A swamp is part of a wetland ecosystem.
Swamps are forested, low, spongy land generally saturated with water and covered with trees and aquatic plants.
They can be found on all continents except Antarctica.
Swamps form around lakes, rivers and streams. Rain and seasonal flooding cause water levels to fluctuate. In the wet soil, water-tolerant vegetation grows and helps maintain a moist, swampy condition.
The water of a swamp may be fresh water, brackish water or seawater.
Swamp vegetation varies with climate. Grasses, rushes, and sphagnum moss predominate in temperate climates; cypress and mangrove predominate in more tropical regions.
The largest swamp in the world is the Amazon River floodplain, which is particularly significant for its large number of fish and tree species.
In the United States, swamps cover approximately 260,000 square kilometers (100,000 square miles), most of them occurring as small swamps in northeastern states that were covered with glaciers in the past.
The Atchafalaya Basin, or Atchafalaya Swamp is the largest wetland and swamp in the United States. Located in south central Louisiana, it is a combination of wetlands and river delta area where the Atchafalaya River and the Gulf of Mexico converge.
The Okefenokee Swamp is considered to be one of the Seven Natural Wonders of Georgia. The Okefenokee is the largest “blackwater” swamp in North America. It covers roughly 1,800 square kilometers (700 square miles) and is located in the southeastern corner of Georgia. Okefenokee is a Native American word that means “trembling earth.”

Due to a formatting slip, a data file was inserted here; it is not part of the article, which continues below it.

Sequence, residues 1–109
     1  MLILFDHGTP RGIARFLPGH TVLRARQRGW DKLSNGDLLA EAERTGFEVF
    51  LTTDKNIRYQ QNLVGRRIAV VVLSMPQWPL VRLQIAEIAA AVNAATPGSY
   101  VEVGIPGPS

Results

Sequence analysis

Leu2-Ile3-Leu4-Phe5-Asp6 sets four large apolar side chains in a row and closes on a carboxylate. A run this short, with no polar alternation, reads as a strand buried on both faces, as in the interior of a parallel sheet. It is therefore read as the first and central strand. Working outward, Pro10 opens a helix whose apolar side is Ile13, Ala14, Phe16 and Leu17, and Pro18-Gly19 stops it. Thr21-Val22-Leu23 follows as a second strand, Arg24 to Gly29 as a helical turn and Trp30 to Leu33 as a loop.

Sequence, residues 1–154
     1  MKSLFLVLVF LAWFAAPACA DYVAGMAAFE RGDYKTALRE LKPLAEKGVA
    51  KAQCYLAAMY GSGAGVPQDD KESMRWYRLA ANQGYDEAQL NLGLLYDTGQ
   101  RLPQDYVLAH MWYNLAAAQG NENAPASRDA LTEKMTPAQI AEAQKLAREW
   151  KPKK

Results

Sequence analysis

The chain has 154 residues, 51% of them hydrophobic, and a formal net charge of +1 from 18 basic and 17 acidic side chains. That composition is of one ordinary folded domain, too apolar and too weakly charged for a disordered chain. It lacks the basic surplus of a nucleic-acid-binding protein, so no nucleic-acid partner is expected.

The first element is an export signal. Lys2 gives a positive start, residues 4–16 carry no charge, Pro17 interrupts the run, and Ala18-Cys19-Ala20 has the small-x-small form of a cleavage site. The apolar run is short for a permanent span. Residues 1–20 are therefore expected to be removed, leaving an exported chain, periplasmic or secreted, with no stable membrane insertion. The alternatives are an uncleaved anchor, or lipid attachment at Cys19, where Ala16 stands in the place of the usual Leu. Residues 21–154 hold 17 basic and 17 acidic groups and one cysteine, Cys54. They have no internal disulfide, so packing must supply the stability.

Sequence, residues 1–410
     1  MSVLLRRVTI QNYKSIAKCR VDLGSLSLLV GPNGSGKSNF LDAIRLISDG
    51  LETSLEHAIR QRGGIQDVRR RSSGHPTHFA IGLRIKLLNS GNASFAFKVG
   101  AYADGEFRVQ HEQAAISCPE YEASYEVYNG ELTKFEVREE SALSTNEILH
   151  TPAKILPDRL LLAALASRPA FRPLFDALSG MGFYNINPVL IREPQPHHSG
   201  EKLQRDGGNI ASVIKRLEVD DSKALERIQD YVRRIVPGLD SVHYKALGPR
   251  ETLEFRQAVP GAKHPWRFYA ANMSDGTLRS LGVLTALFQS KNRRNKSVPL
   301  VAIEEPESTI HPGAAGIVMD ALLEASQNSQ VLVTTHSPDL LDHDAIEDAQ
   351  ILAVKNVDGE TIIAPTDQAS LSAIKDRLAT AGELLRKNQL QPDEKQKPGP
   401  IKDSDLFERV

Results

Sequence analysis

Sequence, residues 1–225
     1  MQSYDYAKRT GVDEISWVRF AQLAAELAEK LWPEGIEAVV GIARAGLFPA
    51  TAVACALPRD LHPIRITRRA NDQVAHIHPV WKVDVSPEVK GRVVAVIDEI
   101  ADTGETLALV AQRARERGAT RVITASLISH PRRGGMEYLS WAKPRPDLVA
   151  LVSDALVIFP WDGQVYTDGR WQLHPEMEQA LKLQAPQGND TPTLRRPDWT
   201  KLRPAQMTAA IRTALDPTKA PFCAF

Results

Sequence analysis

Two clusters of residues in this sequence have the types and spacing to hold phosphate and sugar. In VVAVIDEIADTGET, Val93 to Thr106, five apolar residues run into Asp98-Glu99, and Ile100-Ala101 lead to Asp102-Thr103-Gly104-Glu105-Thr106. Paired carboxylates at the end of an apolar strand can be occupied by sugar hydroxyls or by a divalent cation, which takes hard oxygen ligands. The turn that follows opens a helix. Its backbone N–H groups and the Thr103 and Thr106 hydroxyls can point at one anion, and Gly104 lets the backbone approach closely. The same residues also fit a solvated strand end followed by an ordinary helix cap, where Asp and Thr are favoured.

Other famous swamps in the United States are the forested portions of the Everglades, Barley Barber Swamp, Great Cypress Swamp and the Great Dismal Swamp.
The freshwater swamps between the Tigris and Euphrates Rivers in the Middle East are so rich in biodiversity that the area is called the “Fertile Crescent.” The Fertile Crescent is recognized as the birthplace of civilization and the site of the first cities. The earliest recorded written language and the first recorded use of the wheel occurred around these swamps.
Swamps are often named for the type of trees that grow in them, such as cypress swamps or hardwood swamps.
Swamps are delightfully described in their primeval condition by William Bartram in his account Travels Through North and South Carolina, Georgia, East and West Florida, written in 1791. These were the swamps that Francis Marion used so successfully to escape the British forces during the Revolutionary War and the source of his nickname, “the old swamp fox.”
Swamps are among the most valuable ecosystems on Earth. They act like giant sponges or reservoirs. When heavy rains cause flooding, swamps and other wetlands absorb excess water, moderating the effects of flooding. Swamps also protect coastal areas from storm surges that can wash away fragile coastline. Saltwater swamps and tidal salt marshes help anchor coastal soil and sand.
Swamps that are drained make excellent agricultural land because of the high organic content of the bottom sediments.
Ancient swamps are a source of the fossil fuel coal. Coal is formed from plants that died millions of years ago. The plant matter settled in layers at the bottom of swamps, where lack of oxygen kept it from decaying completely. Over time, pressure from accumulating layers caused the vegetation to harden, or fossilize, into coal. For centuries, coal has been burned and used as fuel. Deposits of this fossil fuel can be found on every continent.